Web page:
- Why do you think the narrator remains un-named for the duration of this novel? What effect does this have on the reader?
- Compare and contrast the fathers of Tracey and the narrator. Discuss how Tracey’s story about the narrator’s father drew a wedge in their friendship. Do you believe Tracey’s story?
- Compare and contrast Tracey and the narrator’s mothers.
- The narrator’s mother compares the narrator’s life to slavery. She is working for Amy and not living a life of her own. What do you think the narrator really wants from life?
- Tracey’s father talks about how there is distinct separation of races inside prison, where on the outside there is mixing. How much mixing do Tracey and the narrator experience? Are they fundamentally drawn to like as well?
- Discuss the experience of being of mixed race, not being fully white or black as experienced by the narrator and Tracey.
- Discuss the complexities of girlhood friendships and how this might change as girls mature into adults?
- The narrator’s mother tells the narrator that she is nothing if she uses her body for work rather than her mind. The narrator tells her mother that she is nothing. How is this a coming of age moment?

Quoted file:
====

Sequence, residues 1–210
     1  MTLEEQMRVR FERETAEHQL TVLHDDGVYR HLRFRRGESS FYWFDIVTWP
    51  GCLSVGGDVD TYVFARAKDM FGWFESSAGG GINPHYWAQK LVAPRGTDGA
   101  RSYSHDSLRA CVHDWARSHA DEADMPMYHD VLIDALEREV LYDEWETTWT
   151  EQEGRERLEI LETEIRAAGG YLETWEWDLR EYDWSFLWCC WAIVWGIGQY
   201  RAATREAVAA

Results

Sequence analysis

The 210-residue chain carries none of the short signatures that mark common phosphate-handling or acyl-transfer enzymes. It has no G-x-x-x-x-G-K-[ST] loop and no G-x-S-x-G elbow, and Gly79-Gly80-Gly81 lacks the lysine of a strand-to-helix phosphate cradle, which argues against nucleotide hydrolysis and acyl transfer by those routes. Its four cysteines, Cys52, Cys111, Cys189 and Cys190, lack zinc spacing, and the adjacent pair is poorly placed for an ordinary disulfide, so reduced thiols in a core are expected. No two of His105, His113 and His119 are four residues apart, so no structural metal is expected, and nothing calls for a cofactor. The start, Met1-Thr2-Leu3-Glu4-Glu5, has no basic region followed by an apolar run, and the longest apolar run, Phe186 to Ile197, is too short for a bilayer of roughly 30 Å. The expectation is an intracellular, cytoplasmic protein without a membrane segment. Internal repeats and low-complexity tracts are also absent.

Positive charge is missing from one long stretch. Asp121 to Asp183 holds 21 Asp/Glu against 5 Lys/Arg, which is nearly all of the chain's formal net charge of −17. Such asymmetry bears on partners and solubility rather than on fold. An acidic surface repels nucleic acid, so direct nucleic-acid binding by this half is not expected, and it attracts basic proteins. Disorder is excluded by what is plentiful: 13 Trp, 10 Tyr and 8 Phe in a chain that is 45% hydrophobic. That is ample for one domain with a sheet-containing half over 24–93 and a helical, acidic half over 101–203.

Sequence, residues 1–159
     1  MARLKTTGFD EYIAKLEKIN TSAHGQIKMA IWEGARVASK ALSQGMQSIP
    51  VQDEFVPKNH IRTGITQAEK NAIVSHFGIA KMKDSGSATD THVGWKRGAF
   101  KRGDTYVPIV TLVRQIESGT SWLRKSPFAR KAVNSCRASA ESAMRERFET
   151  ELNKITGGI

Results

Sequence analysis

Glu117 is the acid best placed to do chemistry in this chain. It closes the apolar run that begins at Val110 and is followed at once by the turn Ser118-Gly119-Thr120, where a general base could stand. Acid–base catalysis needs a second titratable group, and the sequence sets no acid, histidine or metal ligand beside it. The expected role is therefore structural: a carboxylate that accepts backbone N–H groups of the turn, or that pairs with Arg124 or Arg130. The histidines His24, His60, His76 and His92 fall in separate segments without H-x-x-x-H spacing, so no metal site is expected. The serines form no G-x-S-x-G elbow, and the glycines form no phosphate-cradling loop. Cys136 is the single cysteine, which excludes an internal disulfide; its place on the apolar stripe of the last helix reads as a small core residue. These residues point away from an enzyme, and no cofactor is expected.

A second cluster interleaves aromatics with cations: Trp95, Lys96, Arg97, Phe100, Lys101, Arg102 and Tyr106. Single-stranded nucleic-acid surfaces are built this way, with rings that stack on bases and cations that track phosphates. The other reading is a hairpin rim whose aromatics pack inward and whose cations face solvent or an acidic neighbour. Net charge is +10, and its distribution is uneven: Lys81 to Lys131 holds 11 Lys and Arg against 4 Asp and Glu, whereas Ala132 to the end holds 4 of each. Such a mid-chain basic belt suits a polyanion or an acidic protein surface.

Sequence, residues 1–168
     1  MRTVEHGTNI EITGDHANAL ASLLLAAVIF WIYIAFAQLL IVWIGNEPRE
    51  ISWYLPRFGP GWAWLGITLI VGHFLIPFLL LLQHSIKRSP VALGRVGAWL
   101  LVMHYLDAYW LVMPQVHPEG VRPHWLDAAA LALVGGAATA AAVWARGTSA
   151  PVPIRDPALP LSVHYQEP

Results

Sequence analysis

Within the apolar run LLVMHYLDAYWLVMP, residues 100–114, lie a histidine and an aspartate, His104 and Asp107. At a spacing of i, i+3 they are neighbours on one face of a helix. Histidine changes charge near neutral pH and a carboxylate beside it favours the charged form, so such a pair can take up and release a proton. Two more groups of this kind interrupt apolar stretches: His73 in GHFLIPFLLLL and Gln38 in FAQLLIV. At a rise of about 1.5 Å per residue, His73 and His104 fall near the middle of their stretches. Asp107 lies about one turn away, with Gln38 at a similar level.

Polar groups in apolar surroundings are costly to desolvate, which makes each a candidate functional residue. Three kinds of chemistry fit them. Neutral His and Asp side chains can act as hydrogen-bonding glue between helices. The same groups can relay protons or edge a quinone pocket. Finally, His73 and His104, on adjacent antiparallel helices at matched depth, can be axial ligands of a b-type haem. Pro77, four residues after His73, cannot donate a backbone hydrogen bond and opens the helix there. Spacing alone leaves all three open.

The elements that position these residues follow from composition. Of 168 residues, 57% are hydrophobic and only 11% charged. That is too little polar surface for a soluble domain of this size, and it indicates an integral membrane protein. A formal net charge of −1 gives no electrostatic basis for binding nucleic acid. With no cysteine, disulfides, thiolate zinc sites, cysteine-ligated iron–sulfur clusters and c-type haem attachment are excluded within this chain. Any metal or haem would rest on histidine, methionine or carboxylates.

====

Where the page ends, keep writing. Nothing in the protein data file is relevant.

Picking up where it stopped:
- Discuss the relationship the narrator has and the warmth she feels from her father as compared to her mother.
- Why does our obsession with celebrities allow for a certain amount of chaos?
- Discuss the video made of Tracey and the narrator dancing. What effect does it have at the time and how does this come back to haunt the narrator?
- When the narrator goes to West Africa she is told repeatedly “things are difficult here,” when she tries to go somewhere or do something on her own. Why? Why do they treat her with “kid gloves”?
- Compare the fates of the women in the West African village to Tracey’s fate.
- Discuss the culture and community that the narrator experiences in West Africa. How does Amy’s presence and the wealth that flows in change things? Discuss the diaspora that is happening.
- The narrator’s mother becomes part of Parliament, but is beaten down and tormented by the letters that Tracey sends. Why do you think these letters affect her so deeply?
- Why does the narrator go to visit Tracey and her children as the novel ends? What is her intent?
New York Times Review by Holly Bass
Review in The Atlantic by Dayna Tortorici
Review by Annalisa Quinn for NPR
Interview with Zadie Smith on NPR